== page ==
January 23, 2014
What happened to all the clean air?
My desk has a pretty good location at the office. I sit by the window and have a great view of the Salt Lake valley. Right below us is a golf course. On the right you can see the Wasatch Mountains looming over the office. To the left is the western edge of the valley. And in the distance you can see downtown Salt Lake City. Even though it has gotten too cold to go golfing, I still like to look outside every now and then. It’s a good meditative practice. But lately, something’s been happening to my view. It’s literally been disappearing.
What happened? Well, the answer lies in a vocabulary term that native Utahns know far too well: “Inversion.”
I’m not a meteorologist, but from what I understand (and here’s a Wikipedia article explaining it a lot more scientifically), the inversion is what we get when the mountains and the frigid temperatures prevent the cold air in the valley from circulating. Basically, it’s like putting a lid on a tupperware bowl. All the emissions from all our cars and power plants essentially get trapped and are unable to escape the area.
How bad is the air right now? Well, if the air inside your office was as bad as the air outside of mine, the US Department of Labor could declare it a hazardous workplace.
According to the Air Quality Index, having an air rating of 50 or lower is considered “good.” We’re about to enter our fourth day in a row with a rating of over 150.
Smog like this obviously isn’t unique to Utah. There have been reports lately of how bad the air quality has gotten in China. A photo recently posted to Reddit shows what it looks like when the AQI reached 505 in Shanghai, which is literally off the charts:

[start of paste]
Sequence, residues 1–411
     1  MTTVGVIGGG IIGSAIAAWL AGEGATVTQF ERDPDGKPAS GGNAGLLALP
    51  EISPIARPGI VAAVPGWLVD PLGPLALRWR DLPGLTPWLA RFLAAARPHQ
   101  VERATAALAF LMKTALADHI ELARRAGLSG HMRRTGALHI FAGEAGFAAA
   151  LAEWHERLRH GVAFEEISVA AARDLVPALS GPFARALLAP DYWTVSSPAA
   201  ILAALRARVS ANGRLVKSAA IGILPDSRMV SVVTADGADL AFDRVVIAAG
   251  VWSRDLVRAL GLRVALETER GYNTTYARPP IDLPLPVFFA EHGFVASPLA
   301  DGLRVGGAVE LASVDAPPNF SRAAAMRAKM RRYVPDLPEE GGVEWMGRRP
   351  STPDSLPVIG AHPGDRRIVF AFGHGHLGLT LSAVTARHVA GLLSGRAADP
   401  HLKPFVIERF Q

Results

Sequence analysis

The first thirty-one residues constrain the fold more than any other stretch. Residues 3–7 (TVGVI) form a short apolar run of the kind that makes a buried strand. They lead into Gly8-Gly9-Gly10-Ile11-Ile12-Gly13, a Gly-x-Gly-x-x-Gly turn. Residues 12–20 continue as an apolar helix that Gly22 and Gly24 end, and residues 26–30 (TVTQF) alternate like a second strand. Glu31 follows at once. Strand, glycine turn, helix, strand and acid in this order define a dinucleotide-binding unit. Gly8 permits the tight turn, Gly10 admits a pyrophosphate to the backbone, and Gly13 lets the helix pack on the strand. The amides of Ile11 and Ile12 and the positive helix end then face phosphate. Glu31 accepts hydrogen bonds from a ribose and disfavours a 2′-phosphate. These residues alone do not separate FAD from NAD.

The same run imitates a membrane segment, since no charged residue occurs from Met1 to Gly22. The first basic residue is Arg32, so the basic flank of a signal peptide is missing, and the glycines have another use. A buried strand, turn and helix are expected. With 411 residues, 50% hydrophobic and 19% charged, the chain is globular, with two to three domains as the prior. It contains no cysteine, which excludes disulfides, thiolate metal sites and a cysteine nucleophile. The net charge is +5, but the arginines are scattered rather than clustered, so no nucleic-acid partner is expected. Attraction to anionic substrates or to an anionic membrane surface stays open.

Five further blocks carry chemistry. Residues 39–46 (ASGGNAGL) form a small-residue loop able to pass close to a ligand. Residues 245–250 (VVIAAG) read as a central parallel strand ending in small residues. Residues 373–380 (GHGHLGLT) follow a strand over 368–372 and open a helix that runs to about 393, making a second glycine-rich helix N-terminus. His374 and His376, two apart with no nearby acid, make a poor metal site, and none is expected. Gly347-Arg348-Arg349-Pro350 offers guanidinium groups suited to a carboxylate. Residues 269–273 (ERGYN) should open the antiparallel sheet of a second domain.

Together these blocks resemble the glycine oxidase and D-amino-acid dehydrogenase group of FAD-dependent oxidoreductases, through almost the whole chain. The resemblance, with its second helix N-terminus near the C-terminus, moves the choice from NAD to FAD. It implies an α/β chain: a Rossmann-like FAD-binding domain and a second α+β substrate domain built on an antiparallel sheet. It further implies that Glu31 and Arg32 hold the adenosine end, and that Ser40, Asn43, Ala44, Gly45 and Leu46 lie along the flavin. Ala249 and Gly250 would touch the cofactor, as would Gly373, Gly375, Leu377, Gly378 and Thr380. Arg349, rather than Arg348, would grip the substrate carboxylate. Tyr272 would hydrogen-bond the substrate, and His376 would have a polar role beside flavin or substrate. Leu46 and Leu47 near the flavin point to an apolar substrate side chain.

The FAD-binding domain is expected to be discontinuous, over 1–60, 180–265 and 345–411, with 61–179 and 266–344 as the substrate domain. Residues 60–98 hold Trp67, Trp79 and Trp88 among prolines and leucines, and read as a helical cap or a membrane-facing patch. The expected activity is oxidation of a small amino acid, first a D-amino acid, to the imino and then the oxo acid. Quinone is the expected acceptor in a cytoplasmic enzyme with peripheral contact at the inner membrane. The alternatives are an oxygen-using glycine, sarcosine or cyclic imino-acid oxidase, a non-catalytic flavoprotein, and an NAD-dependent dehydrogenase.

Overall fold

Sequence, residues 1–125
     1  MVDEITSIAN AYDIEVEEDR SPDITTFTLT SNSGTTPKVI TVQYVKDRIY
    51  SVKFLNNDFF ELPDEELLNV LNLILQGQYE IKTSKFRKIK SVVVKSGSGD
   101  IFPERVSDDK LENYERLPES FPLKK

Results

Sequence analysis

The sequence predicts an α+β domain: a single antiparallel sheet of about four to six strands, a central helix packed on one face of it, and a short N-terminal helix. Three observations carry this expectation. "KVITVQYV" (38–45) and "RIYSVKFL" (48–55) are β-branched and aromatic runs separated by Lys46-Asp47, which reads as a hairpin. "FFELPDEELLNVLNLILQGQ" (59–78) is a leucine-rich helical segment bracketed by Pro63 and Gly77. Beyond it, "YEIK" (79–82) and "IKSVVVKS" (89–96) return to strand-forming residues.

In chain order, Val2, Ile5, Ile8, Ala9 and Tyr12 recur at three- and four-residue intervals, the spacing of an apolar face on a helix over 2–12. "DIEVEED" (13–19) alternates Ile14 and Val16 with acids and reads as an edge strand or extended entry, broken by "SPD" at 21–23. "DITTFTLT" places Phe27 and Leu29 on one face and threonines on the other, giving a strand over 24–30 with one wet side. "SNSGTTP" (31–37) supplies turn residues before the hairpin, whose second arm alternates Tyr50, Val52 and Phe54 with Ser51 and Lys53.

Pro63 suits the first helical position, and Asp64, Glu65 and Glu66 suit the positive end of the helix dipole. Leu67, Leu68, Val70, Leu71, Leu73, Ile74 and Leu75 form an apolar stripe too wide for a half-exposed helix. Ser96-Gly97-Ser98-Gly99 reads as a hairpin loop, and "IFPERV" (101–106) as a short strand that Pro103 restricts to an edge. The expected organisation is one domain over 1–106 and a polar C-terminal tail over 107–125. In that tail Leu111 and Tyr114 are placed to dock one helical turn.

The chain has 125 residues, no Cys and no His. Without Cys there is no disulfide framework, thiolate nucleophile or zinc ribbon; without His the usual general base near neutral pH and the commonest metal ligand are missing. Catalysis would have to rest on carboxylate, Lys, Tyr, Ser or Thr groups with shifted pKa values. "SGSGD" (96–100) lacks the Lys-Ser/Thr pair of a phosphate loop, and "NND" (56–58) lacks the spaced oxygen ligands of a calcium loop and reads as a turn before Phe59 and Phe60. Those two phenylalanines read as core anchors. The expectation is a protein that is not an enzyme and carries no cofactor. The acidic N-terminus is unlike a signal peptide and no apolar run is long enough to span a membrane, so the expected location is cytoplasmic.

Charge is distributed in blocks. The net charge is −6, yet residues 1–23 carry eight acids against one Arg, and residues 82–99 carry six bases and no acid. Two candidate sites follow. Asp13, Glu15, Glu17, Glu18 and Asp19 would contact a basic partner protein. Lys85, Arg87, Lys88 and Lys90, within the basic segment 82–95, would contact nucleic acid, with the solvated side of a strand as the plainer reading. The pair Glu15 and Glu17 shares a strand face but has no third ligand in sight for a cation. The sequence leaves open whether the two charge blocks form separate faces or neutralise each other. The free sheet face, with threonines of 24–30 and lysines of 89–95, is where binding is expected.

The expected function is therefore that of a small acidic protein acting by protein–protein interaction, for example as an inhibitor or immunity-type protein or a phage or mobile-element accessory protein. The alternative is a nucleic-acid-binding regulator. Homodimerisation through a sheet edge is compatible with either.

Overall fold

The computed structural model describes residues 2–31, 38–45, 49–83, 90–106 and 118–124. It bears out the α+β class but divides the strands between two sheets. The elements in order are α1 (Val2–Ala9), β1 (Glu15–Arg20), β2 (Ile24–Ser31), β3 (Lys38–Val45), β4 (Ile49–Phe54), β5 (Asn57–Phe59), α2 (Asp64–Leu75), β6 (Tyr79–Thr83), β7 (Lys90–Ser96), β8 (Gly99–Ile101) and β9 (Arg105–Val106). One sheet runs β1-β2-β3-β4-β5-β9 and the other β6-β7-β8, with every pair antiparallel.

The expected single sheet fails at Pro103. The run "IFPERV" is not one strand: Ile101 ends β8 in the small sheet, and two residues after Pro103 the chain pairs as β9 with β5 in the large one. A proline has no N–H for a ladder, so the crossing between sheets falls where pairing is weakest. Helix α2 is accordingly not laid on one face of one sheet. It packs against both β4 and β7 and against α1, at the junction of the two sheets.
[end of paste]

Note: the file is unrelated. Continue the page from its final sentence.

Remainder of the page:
I think we can all agree that pollution at this level is not healthy or sustainable. What can you do about it?
One of our core values at Packsize has been to show the world that it is possible to build a business that is not only profitable, but also sustainable. After being in business for 11 years, we’ve learned a thing or two about what you can do to help your business be more environmentally friendly:
- Buy eco-friendly cars for your company’s fleet.
- Encourage your employees to purchase electric vehicles by building charging stations in your parking lot.
- Get involved in your local government. Let your elected officials know that you support green initiatives.
- Look for green alternatives in your facilities. Things such as air filters, energy-efficient lightbulbs, and solar panels have all helped us save money while reducing our environmental impact.
- Create products that help others as well as help the environment.
- Make an effort to educate others on the environmental impact of your industry.
- Educate others on fun and easy ways to reduce, reuse, and recycle.
- Make sure that “sustainability” isn’t just a buzzword, but a deeply rooted part of your company culture.
These are all efforts we at Packsize have taken to help reduce our impact on the environment. We’ve worked hard at remembering the environmental impact in everything we do, and we can honestly say it’s been worth it.
If you would like to ask us how we can help you reduce your environmental impact through sustainable packaging, drop us an email by filling out the form below.
We’d love to hear from you and are more than happy to help!